Moving toward an infinitely safer food and drug supply chain

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Peter Gadd, HP Software PSO Cloud Services Director, HP Software Professional Services, is responsible for worldwide sales and service of HP PSO’s Cloud Service offerings. His role at HP has been to successfully take a number of innovative cloud-based services to market to help organizations solve real-world problems, many of which can have significant impacts on the brand and security of their products.

 

His background is predominantly in customer-facing roles in the IT industry, where he has held senior-level positions over a 20-year career. During this time he also spent five years as a management consultant, focusing on delivering business and technology solutions to a range of market sectors. Peter is based in HP’s Bracknell (UK) office, and can be contacted at peter.gadd@hp.com.

 

There are few more stark visual contrasts I can think of than that between the elegant Andrew W. Mellon Auditorium in Washington, D.C., and a non-governmental organisation’s field operations in sub-Saharan Africa. In my job, I am privileged to have a view of both.

 

HP Global Product Authentication Service (GPAS) was recognised this year as a laureate in the Computerworld Honors programme, which singles out organisations that use IT to benefit society. The award banquet was held June 3 at the Mellon in D.C., bringing together dignitaries from around the world. GPAS was named as a Computerworld Laureate in the Safety & Security category. Although we did not win the 21st Century Achievement Award for our category—the award went to the US Naval Meteorology and Oceanography Command for its work fighting piracy on the high seas—it was gratifying to be honoured as a Computerworld Laureate.

 

In addition to this honour, we were recently invited to participate in a working session with two US pharmaceutical giants and a UN organisation to discuss how the use of IT systems can improve supply-chain traceability, products validation and data capture. The World Health Organization estimates that approximately 60 percent of the drugs that get out to the developing world contain the wrong drug, no active ingredient or do not contain the right amount of the drug to be effective. In fact, the International Policy Network estimates that 700,000 deaths per year from malaria and tuberculosis are attributable to fake drugs. A study published last year by the Lancet medical journal and conducted by a unit of the National Institutes of Health found that 35 percent of 2,300 malaria drug samples tested in sub-Saharan Africa were of “poor quality”—either fake, expired or badly made. Such pills “are very likely to jeopardize the unprecedented progress and investments in control and elimination of malaria,” the paper’s authors concluded.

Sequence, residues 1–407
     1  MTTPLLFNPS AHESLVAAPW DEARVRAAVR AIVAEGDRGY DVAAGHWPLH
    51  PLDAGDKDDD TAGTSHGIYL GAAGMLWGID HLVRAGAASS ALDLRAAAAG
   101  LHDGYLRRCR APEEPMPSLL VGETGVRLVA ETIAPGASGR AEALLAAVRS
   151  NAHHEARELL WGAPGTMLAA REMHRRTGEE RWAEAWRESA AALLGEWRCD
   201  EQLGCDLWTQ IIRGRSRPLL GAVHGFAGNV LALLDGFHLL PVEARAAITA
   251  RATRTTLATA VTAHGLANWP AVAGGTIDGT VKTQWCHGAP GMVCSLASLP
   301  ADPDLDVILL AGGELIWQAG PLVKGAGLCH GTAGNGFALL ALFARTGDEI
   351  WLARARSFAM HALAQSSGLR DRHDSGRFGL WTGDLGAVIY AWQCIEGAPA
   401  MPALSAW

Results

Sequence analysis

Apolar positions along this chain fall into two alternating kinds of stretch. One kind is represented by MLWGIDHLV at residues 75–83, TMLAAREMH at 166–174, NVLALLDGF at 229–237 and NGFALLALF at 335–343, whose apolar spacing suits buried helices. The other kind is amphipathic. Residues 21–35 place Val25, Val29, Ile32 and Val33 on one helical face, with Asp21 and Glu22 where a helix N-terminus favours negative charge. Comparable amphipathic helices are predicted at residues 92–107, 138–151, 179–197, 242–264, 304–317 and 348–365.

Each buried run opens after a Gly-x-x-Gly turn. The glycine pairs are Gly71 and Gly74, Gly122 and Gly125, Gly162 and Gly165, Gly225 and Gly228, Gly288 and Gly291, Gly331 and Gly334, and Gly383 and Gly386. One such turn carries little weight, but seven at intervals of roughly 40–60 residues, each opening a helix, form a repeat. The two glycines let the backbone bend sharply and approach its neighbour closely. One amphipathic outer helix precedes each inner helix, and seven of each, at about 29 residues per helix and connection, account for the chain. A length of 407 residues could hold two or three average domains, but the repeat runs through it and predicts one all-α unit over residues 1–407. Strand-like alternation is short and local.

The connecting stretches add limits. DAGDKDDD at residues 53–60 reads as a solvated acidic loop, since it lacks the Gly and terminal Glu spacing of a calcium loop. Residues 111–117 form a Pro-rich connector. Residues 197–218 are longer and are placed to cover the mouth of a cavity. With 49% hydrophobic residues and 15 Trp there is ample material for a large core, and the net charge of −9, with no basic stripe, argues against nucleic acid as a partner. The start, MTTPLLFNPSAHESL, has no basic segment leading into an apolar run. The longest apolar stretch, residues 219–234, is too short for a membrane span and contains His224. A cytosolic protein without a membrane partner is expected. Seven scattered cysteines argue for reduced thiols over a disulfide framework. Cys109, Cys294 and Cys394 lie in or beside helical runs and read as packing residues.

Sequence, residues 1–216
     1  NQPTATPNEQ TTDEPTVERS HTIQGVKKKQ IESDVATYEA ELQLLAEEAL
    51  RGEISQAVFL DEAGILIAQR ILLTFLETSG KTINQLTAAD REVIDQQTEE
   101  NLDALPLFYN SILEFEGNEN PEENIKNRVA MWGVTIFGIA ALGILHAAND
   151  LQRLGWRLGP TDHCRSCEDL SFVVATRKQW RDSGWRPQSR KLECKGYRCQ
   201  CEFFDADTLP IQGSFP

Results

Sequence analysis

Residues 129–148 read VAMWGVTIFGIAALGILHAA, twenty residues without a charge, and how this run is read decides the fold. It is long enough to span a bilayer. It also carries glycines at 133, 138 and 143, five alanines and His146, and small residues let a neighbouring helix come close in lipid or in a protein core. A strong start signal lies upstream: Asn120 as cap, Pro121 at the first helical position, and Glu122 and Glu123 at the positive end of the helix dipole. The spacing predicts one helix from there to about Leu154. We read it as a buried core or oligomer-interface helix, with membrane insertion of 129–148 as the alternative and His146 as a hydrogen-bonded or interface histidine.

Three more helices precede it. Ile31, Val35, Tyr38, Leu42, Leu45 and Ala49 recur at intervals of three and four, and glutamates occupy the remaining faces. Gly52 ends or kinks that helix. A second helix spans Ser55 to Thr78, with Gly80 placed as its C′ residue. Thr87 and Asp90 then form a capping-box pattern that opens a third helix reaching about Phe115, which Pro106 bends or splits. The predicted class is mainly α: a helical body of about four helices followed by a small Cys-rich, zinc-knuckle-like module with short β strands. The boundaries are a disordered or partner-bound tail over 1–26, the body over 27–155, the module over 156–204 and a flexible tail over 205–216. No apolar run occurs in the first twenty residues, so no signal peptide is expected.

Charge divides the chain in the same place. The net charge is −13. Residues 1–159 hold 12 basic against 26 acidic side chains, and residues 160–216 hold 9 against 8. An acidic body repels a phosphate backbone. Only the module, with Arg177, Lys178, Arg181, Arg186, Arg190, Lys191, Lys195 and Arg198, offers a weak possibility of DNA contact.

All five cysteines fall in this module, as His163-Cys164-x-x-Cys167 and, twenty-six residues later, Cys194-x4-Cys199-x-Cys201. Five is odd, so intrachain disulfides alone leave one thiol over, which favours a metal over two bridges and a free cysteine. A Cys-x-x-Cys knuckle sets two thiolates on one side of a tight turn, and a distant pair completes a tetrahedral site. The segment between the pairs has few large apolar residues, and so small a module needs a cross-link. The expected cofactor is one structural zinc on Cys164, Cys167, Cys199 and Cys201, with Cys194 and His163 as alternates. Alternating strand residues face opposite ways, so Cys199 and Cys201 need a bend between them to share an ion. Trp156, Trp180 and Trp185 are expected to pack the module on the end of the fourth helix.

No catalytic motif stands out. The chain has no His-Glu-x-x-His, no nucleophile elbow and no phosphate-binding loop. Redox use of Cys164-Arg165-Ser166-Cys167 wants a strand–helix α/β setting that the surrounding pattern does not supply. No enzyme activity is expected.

Mapping grey market activity drives improved consumer protection

GPAS makes it possible to see where authentication of tagged products occurs at any point in the supply chain. By mapping in real time the location of bottles, boxes, cases and pallets of a shipment of pharmaceuticals or other cold-chain products, we can see where these products are being stolen or counterfeited—safeguarding public health and making it possible for major public health organizations, pharmaceutical companies and governments to more effectively serve the most vulnerable global populations and deliver life-saving drugs to those in need.

 

The granular application of GPAS holds great potential to keep the food and drug supply chain safer for all of us. The problem is huge and hard to track. The US Chamber of Commerce estimates that 64 percent of counterfeit products are purchased from legitimate shops and retailers. I recently found out in conversation with an industry veteran, that it’s not uncommon for the drug supply to get contaminated at the point of manufacture. When this occurs, there is often little to be done except broadcast a blanket recall of that drug. But if more drugs were labeled and tracked with a system like GPAS, that would allow for much closer monitoring of the supply chain—and, in turn, a closer relationship between doctors, pharmacies and patients. Hence, if the entire lot of a medication I’ve recently filled turns out to be contaminated, the system could notify my pharmacist, my doctor and me at the same time so I can return my bottle for a new one. Apply a similar scenario to the food chain and you’re looking at far fewer outbreaks of food-borne illness, food recalls and so on.

 

When we realize this objective, the dignitaries gathering at a dinner in D.C. are kept safer, as are the most vulnerable communities in the developing world.

 

Learn more by reading Brand protection through the cloud and watching the video Brand protection in a counterfeit world.

 

Related links:

Computerworld Honors 2013

Labels: GPAS
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